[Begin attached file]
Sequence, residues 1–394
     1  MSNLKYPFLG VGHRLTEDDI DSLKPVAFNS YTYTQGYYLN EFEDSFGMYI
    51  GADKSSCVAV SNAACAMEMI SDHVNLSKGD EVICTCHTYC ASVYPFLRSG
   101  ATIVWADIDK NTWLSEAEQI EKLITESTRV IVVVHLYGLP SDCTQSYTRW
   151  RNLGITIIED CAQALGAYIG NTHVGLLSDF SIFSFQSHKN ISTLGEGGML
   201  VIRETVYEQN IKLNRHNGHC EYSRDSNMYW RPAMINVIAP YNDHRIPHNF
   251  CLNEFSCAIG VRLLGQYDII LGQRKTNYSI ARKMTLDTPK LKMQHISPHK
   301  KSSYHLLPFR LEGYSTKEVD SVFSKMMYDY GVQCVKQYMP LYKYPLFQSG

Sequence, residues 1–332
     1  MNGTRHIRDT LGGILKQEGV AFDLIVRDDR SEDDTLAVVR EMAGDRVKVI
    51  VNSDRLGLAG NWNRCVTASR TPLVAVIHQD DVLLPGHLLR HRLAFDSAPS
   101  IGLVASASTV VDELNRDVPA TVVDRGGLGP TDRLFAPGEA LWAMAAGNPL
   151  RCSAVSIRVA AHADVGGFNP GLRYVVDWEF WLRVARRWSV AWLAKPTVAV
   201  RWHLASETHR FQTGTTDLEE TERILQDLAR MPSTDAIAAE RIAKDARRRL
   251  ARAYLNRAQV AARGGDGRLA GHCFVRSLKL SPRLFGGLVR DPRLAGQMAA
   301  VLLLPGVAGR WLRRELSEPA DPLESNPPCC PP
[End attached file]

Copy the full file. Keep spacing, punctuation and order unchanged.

Sequence, residues 1–394
     1  MSNLKYPFLG VGHRLTEDDI DSLKPVAFNS YTYTQGYYLN EFEDSFGMYI
    51  GADKSSCVAV SNAACAMEMI SDHVNLSKGD EVICTCHTYC ASVYPFLRSG
   101  ATIVWADIDK NTWLSEAEQI EKLITESTRV IVVVHLYGLP SDCTQSYTRW
   151  RNLGITIIED CAQALGAYIG NTHVGLLSDF SIFSFQSHKN ISTLGEGGML
   201  VIRETVYEQN IKLNRHNGHC EYSRDSNMYW RPAMINVIAP YNDHRIPHNF
   251  CLNEFSCAIG VRLLGQYDII LGQRKTNYSI ARKMTLDTPK LKMQHISPHK
   301  KSSYHLLPFR LEGYSTKEVD SVFSKMMYDY GVQCVKQYMP LYKYPLFQSG

Sequence, residues 1–332
     1  MNGTRHIRDT LGGILKQEGV AFDLIVRDDR SEDDTLAVVR EMAGDRVKVI
    51  VNSDRLGLAG NWNRCVTASR TPLVAVIHQD DVLLPGHLLR HRLAFDSAPS
   101  IGLVASASTV VDELNRDVPA TVVDRGGLGP TDRLFAPGEA LWAMAAGNPL
   151  RCSAVSIRVA AHADVGGFNP GLRYVVDWEF WLRVARRWSV AWLAKPTVAV
   201  RWHLASETHR FQTGTTDLEE TERILQDLAR MPSTDAIAAE RIAKDARRRL
   251  ARAYLNRAQV AARGGDGRLA GHCFVRSLKL SPRLFGGLVR DPRLAGQMAA
   301  VLLLPGVAGR WLRRELSEPA DPLESNPPCC PP